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Epic Mickey 2 developer condemns violence, non-game apps at E3

by Ethan Powers on June 15, 2012

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    Lines are as commonplace at E3 as are yearly installments of Call of Duty. At E3 2012, we witnessed some pretty long lines including one for Halo 4 that had eager fans waiting over three hours to play just one game of multiplayer. If we had to guess before the show started what would be the one game giving that line a run for its money, it probably wouldn’t have been Epic Mickey 2. Nevertheless, the line zigged and zagged throughout the L.A. Convention Center’s West Hall as people waited anxiously for their Epic Mickey Oswald Ears. Warren Spector, accomplished game designer now hard at work on Epic Mickey 2 and known mainly for his work with Deus Ex, ironically bashed E3 2012 in a recent interview with GamesIndustry for what he saw as an oversaturation of sex and violence:

    “This is the year where there were two things that stood out for me. One was: The ultraviolence has to stop. We have to stop loving it. I just don’t believe in the effects argument at all, but I do believe that we are fetishizing violence, and now in some cases actually combining it with an adolescent approach to sexuality. I just think it’s in bad taste. Ultimately I think it will cause us trouble.”

    Spector said that he had decided to cut ties with Eidos Interactive (the studio that had assisted him with Thief: Deadly Shadow) after he saw the direction they wanted to take and the violence they sought to incorporate in their games. After seeing the bulk of what E3 2012 had to offer, Spector claimed it made him thankful to be a part of a development studio like Disney Interactive:

    “I left Eidos in 2004 because I looked around at E3 and saw the new Hitman game where you get to kill with a meat hook, and 25 to Life, the game about kids killing cops, and Crash & Burn the racing game where the idea is to create the fieriest, most amazing explosions, not to win the race… I looked around my own booth and realized I just had one of those ‘which thing is not like the other’ moments. I thought it was bad then, and now I think it’s just beyond bad.”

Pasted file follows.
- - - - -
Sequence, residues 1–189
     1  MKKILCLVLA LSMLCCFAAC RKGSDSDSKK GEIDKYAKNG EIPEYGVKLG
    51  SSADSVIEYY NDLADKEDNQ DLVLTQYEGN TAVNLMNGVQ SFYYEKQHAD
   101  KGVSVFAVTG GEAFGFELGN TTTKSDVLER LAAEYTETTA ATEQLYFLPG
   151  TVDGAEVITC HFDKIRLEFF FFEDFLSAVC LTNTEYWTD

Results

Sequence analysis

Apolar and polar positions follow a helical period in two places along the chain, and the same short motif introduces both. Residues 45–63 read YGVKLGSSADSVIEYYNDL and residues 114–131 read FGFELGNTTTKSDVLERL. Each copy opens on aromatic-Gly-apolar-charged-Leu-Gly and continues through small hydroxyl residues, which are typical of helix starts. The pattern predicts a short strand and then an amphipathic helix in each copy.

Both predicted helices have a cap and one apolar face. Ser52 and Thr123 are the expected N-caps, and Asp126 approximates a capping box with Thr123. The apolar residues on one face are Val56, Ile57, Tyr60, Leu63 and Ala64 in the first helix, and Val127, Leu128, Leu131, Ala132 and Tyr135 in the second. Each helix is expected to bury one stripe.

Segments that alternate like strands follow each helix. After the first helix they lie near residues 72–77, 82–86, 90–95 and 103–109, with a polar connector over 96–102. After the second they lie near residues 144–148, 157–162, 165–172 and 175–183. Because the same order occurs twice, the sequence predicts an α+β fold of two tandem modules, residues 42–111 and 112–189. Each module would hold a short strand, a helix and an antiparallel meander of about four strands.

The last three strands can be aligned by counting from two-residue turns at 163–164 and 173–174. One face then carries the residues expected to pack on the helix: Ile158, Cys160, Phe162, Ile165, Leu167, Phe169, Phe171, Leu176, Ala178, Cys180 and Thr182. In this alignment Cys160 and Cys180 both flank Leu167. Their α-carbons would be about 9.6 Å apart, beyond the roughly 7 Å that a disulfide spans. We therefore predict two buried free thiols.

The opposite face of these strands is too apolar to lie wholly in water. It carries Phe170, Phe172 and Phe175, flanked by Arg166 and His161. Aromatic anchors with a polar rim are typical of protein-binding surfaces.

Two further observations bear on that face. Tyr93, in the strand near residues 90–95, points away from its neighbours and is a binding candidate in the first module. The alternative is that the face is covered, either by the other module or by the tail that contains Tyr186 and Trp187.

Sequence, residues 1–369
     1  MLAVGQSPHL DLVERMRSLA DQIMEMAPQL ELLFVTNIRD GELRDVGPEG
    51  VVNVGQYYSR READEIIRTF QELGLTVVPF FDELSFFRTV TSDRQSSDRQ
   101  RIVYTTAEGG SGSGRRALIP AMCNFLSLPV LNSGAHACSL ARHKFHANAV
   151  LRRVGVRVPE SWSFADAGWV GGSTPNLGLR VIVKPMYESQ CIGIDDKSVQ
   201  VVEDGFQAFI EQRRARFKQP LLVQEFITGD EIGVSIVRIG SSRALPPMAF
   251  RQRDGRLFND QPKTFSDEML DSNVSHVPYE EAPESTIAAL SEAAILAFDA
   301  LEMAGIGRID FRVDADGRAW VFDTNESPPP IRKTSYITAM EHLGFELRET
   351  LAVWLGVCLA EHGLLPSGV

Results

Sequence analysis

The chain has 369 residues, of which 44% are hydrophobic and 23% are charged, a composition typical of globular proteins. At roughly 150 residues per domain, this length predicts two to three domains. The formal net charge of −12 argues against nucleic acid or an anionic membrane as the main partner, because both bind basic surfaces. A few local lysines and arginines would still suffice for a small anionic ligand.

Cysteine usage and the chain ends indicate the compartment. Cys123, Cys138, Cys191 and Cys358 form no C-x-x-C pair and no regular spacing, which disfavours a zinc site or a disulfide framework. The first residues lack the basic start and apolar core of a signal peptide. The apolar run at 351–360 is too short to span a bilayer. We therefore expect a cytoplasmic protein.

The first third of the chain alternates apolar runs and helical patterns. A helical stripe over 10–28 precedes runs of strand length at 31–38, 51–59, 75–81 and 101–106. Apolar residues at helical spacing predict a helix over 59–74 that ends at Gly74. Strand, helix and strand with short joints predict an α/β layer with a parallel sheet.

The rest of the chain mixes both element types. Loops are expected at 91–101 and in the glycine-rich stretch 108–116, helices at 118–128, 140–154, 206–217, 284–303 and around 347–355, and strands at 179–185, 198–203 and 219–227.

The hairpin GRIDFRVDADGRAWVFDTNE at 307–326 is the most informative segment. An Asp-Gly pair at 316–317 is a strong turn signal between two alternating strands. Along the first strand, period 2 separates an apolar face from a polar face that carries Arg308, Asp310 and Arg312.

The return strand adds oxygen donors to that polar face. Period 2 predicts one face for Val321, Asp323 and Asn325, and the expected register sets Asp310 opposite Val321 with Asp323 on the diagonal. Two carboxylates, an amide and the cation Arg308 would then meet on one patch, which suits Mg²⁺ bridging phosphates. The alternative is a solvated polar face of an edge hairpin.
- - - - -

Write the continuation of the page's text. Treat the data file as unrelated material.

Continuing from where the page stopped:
He continued by attempting to justify the violence seen in Deus Ex and how such instances do not bode similarities to the carnage prevalent in today’s games:

    “We’ve gone too far. The slow-motion blood spurts, the impalement by deadly assassins, the knives, shoulders, elbows to the throat. You know, Deus Ex had its moments of violence, but they were designed – whether they succeeded or not I can’t say – but they were designed to make you uncomfortable, and I don’t see that happening now. I think we’re just appealing to an adolescent mindset and calling it mature. It’s time to stop. I’m just glad I work for a company like Disney, where not only is that not something that’s encouraged, you can’t even do it, and I’m fine with it.”

    The blood and explosions weren’t all that bothered Spector at E3. The designer of Epic Mickey 2 was also not keen on the whole “app” business that major publishers are looking to push as consoles become the center of home entertainment:

    “The second thing I noticed was that the most interesting part of the press conferences had nothing to do with games. When the games are the least interesting part, there’s a problem. When did the game conference become about interfacing with Netflix? I just worry a little bit.”

    We for one, were thoroughly impressed with some of the bloody gameplay we had the opportunity to go hands-on with at E3. The morality and player-decision of Dishonored, the striking visuals of car crashes and gun fights of Watch Dogs, and certainly the very visceral and believable violence of The Last of Us, there’s no question that games are pushing boundaries not before seen within the industry. While we’re of the opinion that violence can in certain cases be used to emphasize genuine human emotion and fervor. Spector on the other hand, believes that the industry is currently caught in a cycle of crude repetition:

    “Pretty much all I saw at E3 was, ‘Well, we’re going to do what we always did, but bigger and bloodier! And we’re gonna talk about Netflix!’ I just don’t get it.”

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